- Leading Teams and Influencing People: To be a good partner it’s vital to understand the structure of the organization, how roles & responsibilities are assigned, and how to build relationships in a collaborative culture. This organizational awareness and can help an IT person to benefit from collective energy of others toward the goals that matter most.
- Using Processes to Get Work Done: All processes are guided by people and require clarity of goals, roles, and interdependencies. Most process-oriented initiatives require IT support. These might include business process automation, an AI initiative to aid in creative problem solving, or the organization’s support CRM, financial, or supply chain management systems. Process knowledge is important to help the organization by monitoring process efficiency and productivity.
- Managing Projects to Achieve Goals: Projects help to create value through a product or result. Each project utilizes the talents of team members, are assigned a budget & schedule, and must deliver the intended outcome. Projects are a part of all jobs, and this skillset should be developed. These help build leadership skills, collaborative teams and help teams achieve project goals.
- Understanding Products and Markets: Products are the lifeblood of any company. All IT people must understand customers served, competitors faced, and value delivered. They must also have a sense of the problems faced by customers and how the company’s products solve those problems. This is why the external dimension of the canvas is so important.
- Utilizing Finance and Financial Analysis: Money is the language of business, and every business decision has a financial consequence. It’s vital to understand the essential elements of budgeting, forecasting, tracking metrics, reporting, and analysis.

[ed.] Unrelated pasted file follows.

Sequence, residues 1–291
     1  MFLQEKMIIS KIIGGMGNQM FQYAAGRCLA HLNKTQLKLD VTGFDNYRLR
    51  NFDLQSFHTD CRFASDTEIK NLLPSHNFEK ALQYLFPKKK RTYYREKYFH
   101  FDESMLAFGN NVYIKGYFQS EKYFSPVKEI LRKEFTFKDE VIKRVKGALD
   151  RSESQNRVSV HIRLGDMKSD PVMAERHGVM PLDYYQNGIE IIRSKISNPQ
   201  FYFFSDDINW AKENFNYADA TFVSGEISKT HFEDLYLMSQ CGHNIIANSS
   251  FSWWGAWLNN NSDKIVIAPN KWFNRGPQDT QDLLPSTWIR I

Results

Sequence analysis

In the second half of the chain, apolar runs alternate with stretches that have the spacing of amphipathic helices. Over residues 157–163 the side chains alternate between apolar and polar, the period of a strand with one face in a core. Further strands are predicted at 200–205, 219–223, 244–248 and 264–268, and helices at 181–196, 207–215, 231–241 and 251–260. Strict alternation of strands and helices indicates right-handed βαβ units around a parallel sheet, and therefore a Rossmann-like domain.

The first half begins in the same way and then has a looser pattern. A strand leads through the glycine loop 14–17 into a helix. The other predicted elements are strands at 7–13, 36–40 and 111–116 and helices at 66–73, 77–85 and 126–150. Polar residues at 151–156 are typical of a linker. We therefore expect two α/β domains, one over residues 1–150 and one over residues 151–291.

- Formulating Goals and Strategies: Strategies are game plans that help a company achieve competitive advantage. Strategies are built on the goals of what’s to be done along with the activities and actions that spell out how it’s to be done. IT people need to understand the strategic goals of the company to logically link the goals of their initiatives with those company objectives.
- Analyzing Data, Solving Problems, and Making Decisions: Businesses run on data. It’s a premium fuel that gives everyone in the business the wherewithal to create strategies, uncover and solve problems as they arise, and steer the business. IT people not only need to understand data, they must contribute to data management strategies to support the business. Problems also arise when there are deviations from plans, and IT people need to uncover root causes, offer options, and contribute to effective decisions.
- Assessing Business Performance: The achievement of positive business results requires discipline, tools, and the consistently applied practice of analyzing financial and non-financial metrics (KPIs). Since all business outcomes invariably contribute to company goals, their collective performance needs to be monitored with proper feedback loops to every other capability.
As you master these capabilities, consider the decisions that need to be made and the outcomes that need to be attained. Think about what’s needed to harness the power of people through thoughtful negotiation, or about human capital development through coaching and mentoring. After a while, you’ll realize you’re inspiring a culture that serves the company’s business strategy. This is the point where everyone wins!